(Images via: Accuro-Korle and Scirocco)
Now, what to make of Accuro-Korle’s twisting helix of heated metal? The Ecstacy certainly looks impressive (and apparntly keeps their skilled craftsmen busy for the best part of a month) but let us be blunt – $13,000? You would really have to have a thing for designer helixes. The Shanghai goes back to a more wall-hugging approach, choosing to buck convention in its own way by having a metal cat’s cradle of a main body.
(Images via: Gizmodo)
Now for an idea with real practical value. The Coiled Radiator is a radiator crossed with a garden hose – a metal-covered rope that you can snake along any wall or into any corner of the room you choose. Why nobody has thought of this before is beyond us, but the main thing is that someone now has. May it snake absolutely everywhere.
(Images via: Antrax and MoCo Loco and design boom)
And now for more radiators that aren’t just for show. These examples have one mission above all – to dry things. The Scaldasalviette Scala is a sturdy clothes-horse with warm water running through it (and we say that admiringly). The Sbox wants to be pride of place for your towels, and achieves it by being the only heated shelf in the house. But for designer brilliance (to an award-winning standard), the Archibald beats them all by being a vertical array of six internally-heated coat hangers – with the added bonus that gravity should be doing most of your ironing for you.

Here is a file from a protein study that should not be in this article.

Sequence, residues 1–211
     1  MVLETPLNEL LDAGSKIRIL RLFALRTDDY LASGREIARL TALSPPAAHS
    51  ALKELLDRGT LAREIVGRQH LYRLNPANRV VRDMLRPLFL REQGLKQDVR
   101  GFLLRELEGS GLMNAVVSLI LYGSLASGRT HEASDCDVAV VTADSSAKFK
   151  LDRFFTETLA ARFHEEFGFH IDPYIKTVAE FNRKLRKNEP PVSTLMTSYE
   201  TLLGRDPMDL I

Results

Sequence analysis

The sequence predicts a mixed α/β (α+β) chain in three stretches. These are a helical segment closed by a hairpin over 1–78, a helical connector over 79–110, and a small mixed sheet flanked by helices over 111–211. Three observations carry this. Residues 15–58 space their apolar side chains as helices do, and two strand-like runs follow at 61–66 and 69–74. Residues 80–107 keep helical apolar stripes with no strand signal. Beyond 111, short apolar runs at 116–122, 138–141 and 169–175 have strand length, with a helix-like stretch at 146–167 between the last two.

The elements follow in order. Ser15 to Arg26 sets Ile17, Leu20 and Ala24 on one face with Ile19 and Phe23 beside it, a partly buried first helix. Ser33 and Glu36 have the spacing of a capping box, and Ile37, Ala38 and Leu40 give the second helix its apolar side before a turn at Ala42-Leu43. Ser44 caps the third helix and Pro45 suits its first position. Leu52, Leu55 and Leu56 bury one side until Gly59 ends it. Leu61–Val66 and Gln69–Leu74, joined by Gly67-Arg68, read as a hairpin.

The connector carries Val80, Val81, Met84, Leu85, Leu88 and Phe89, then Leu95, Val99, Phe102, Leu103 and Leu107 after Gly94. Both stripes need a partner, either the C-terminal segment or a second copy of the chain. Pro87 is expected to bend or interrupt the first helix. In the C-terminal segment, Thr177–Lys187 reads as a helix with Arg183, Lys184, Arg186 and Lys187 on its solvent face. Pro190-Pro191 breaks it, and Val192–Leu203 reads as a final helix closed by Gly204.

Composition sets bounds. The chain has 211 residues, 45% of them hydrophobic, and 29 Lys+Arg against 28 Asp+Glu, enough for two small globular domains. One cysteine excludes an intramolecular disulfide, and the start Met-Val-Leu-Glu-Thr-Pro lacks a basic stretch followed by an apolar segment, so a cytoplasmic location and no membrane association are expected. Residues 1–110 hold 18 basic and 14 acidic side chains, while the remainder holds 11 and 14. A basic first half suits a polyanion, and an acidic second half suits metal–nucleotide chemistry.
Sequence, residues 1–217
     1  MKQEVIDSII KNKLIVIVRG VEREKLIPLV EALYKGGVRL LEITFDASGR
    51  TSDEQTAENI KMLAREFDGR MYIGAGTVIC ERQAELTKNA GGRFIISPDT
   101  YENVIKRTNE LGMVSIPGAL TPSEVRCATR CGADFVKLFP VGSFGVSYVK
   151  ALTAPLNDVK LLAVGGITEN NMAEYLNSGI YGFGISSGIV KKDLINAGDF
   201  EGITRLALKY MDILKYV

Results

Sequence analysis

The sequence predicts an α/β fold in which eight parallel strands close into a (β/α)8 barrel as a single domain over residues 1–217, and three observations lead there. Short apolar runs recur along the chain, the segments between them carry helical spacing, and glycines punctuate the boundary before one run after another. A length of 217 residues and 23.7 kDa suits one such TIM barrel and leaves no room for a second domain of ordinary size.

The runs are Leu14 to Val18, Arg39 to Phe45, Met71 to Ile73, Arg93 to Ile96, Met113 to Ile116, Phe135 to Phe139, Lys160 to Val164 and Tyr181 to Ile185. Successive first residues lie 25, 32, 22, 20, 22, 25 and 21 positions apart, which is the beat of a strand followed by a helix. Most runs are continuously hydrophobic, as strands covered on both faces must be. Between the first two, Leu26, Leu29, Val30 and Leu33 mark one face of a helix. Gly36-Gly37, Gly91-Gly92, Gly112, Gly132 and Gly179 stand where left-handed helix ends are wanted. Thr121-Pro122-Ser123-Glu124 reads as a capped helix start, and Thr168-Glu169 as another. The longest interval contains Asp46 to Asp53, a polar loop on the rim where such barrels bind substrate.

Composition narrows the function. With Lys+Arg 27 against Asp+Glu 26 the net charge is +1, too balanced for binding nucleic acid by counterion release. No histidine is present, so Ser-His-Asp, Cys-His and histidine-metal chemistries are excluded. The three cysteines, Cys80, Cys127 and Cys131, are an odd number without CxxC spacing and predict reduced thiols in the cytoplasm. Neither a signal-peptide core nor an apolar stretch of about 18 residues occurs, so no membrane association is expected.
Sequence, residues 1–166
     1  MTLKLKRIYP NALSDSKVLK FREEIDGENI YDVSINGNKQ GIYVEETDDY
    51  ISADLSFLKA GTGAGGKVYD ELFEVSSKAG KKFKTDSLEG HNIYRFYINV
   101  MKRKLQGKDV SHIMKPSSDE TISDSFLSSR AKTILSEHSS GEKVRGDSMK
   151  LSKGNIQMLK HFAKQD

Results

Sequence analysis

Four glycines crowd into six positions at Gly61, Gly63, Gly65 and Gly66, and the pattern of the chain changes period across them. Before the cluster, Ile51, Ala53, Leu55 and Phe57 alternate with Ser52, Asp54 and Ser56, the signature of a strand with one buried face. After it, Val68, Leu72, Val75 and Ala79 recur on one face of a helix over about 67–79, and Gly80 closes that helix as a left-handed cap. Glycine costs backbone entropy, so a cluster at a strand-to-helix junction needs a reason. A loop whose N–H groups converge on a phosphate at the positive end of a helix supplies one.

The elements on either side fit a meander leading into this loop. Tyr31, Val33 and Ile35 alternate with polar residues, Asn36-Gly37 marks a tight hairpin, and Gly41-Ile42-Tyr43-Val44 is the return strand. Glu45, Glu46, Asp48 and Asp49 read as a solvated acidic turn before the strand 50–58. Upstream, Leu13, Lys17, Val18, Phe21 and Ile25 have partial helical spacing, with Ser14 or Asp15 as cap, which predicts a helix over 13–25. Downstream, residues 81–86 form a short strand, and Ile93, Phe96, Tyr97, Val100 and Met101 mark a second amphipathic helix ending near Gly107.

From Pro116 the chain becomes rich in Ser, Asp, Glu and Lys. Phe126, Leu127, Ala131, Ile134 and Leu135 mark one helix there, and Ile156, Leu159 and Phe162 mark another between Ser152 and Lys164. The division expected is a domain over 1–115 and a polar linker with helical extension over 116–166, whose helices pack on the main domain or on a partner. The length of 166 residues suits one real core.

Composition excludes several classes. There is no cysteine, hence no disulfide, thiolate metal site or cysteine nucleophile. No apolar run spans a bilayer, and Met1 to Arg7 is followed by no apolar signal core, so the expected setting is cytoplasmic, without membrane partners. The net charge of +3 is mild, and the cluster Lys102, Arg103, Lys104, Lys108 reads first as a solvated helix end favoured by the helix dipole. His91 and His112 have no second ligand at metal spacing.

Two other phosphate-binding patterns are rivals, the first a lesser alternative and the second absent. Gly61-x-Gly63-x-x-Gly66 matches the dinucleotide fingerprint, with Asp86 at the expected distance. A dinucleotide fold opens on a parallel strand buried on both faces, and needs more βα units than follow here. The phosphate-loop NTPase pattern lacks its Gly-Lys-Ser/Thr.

(Images via: design boom and feline frenzy and Wild Wind Siamese)
Pets love radiators. If only they were a little more…comfortable (as the kitty on the bottom right must be thinking). There are two ways to meet this challenge – by designing a way to get pets comfortably close to the heat, as with the Radiator Bed pictured – or to redesign the radiator itself. The Fedora contains a recess for a felt basket – perfect for warming your feet, if your cat hadn’t just leapt in to stake its claim.
(Images via: CubeMe)
Who hasn’t wondered if you could cook an egg on a radiator? As anyone will know who has tried, radiators don’t make good frying pans – but in the case of the Ray, they do make great ovens. This highly efficient radiator will cook your food and heat your room, blurring the line between kitchen and dining room in a delightfully lazy way.
(Images via: Yanko Design)